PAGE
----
As far as any researcher has been able to tell, slash really began with the broadcast of Star Trek (created by Gene Roddenberry, 1966-1969). Spockanalia, the first Trek zine, was published just before the beginning of the second season, and Grup, the first zine with adult content, was published in 1972. Grup featured only heterosexual fanfic, yet it still prompted discussion amongst fans. Were these stories putting beloved characters in new, unexplored situations, or were they debasing the canon material? At one point, Grup’s publishers were called “godless pornographers,” (6) one of the first times the label of pornography was applied to sexual fanfic. In 1974, the third issue of Grup featured the story “A Fragment Out of Time” by Diane Marchant, the first ever published slash fanfic. (As a side note, Trek fanfic is where slash gets its name: opening summaries identified stories as Kirk/Spock rather than Kirk & Spock in order to warn fans who didn’t want to read of the characters in a homosexual context.) “A Fragment Out of Time” was written in an oblique style, referring to Kirk and Spock only as “he” and “him.” Readers would have to be aware of the Trek universe to understand that the protagonists were supposed to be Kirk and Spock. Marchant, an Australian fanfic writer and organizer of Trek events in that country, essentially made slash visible. Before “A Fragment Out of Time,” slash had been written but never published. Instead, it was generally handed around friend-to-friend. (7) Marchant’s story, as well as an essay she wrote discussing Kirk/Spock that was published in the following issue of Grup, prompted huge open debate within the Trek fandom. Slash was no longer invisible, and four years later, the first all-slash zine Thrust was published, an anthology entirely of Kirk/Spock fanfic.

Up until this point, slash was largely confined to the Trek fandom. In 1977, however, Star Wars (dir. George Lucas) was released, and with its enormous success came an explosion in sci-fi fandom. Zines became not only more widely read, but also more numerous, and this is when it can be seen that slash became more mainstream. No longer were slash stories confined to Trek, or even sci-fi. Star Wars sexual fanfic was stifled for decades (as is explained below), but with the expansion of zines, fandoms outside of sci-fi began to explore slash. The largest of these post-Star Wars slash fandoms was the television programme Starsky & Hutch (created by William Blinn, 1975-1979), which by 1980 had a zine published in the UK exclusively comprising slash fanfic. At this point, the concrete ways in which fan communities interacted had not changed for nearly fifty years; zines and APAs (amateur press associations, which were like more professionally produced zines that operated like a mailing list) were still the standard. The real change occurred with the growing availability of personal computers and the internet – Kelly Simca Boyd states that fanfic was available online as early as 1991, albeit mostly in closed email lists and newsgroups. This ensured that slash fanfic still had a relatively small circulation, much like the zines.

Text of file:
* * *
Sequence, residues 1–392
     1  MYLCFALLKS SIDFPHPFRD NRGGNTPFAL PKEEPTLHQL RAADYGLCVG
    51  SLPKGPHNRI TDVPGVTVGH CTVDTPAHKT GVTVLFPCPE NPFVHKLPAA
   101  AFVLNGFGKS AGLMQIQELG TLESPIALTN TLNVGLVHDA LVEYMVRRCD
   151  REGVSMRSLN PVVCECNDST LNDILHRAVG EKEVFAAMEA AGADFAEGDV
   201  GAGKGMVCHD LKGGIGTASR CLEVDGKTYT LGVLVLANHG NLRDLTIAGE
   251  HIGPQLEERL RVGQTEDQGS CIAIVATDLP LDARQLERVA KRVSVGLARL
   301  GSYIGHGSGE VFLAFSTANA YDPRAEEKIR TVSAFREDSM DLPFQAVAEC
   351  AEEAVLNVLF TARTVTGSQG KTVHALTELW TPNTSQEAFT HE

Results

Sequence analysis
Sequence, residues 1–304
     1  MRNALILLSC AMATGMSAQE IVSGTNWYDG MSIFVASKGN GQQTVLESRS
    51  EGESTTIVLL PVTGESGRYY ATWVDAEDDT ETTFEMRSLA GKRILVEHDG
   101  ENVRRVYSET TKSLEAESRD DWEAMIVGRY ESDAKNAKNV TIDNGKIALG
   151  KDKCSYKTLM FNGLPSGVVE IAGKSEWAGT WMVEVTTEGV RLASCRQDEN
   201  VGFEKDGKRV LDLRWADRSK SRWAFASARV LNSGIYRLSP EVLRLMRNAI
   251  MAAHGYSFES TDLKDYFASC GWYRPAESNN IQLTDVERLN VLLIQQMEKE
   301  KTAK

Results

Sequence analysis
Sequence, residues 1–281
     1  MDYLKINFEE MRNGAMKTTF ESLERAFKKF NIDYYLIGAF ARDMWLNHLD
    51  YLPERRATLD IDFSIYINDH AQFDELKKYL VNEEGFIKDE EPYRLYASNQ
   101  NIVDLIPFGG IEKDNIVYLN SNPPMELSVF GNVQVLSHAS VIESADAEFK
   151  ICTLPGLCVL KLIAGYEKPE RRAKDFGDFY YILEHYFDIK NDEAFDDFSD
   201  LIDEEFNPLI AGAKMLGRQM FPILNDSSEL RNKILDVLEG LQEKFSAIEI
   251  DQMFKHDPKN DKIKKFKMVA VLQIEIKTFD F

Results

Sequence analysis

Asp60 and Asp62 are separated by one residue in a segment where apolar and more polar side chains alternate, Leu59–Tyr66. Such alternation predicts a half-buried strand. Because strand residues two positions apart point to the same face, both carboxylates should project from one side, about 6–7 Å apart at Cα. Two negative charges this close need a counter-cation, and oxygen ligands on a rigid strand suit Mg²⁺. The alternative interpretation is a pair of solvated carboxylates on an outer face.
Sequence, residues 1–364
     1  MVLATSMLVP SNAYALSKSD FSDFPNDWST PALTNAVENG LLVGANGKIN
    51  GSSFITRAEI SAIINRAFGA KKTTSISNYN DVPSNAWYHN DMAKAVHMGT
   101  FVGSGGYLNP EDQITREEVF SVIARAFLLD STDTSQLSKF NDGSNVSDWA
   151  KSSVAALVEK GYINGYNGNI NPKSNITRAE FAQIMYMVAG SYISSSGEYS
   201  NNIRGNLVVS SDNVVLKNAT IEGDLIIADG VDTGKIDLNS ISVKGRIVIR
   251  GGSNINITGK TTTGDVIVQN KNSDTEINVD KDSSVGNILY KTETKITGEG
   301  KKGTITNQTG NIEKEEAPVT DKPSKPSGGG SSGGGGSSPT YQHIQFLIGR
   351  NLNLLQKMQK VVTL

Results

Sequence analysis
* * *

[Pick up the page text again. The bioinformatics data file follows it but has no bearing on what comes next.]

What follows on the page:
Usenet was established in 1980, a proto-internet networked communication system that allowed for discussion much in the same way that forums later came to serve. Early fan communities such as challenged the concept of male-dominated computer spaces. Despite the majority of Usenet’s users being male, 75% of the participants at r.a.t.s were female, appropriating a male space in order to discuss female areas of interest. (8) Online communities undoubtedly became a space for interaction and discussion, much in the same way as a comic book shop or a sports bar. Nancy K. Baym, who studied r.a.t.s., noted that social theorists consider a community made by “habitual ways of acting that support, maintain, and continually recreate a group’s norms, values, and belief systems.” (9) For instance, online discussion enriches community members’ opinions and memories. Members of r.a.t.s. would often update each other on episodes others had missed or information on characters’ back-stories, providing “resources to get more story from the same material, enhancing many members’ soap readings and pleasures.” (10) The large number of fans in r.a.t.s. ensured that the community had more knowledge at hand than possible for any one fan.

ql:frivolous, a later Usenet group and email list based on the sci-fi television programme Quantum Leap (created by Donald P. Bellisario, 1989-1993), also had a primarily female membership. In part, ql:frivolous came to be because female members of the group felt pushed out of the community for posting too often, or being “too silly.” (11) Andrea MacDonald saw this as part of a larger occurrence wherein women’s contributions to mixed-gender discussion groups were often made light of, or simply ignored. One study found that responses by both men and women to women’s posts constituted only 32.5% of responses. (12) The spin-off email list from the ql:frivolous community, QLLC (alternately described as the Quantum Leap Ladies Club or the Quantum Leap Lust Club) began after complaints from male members of ql:frivolous that female members were discussing attractive male actors or the characters’ relationships too often. QLLC maintained a closed membership and frequently changed names in order to preserve a safe space for “a climate and situation in which women can focus on their experiences and achievements without pressure to conform to the expectations or dictates of patriarchal authority and without fear of male censure.” (13) The enforcement of a female-only space in the online world of 1994 set the stage for later female-positive slash communities.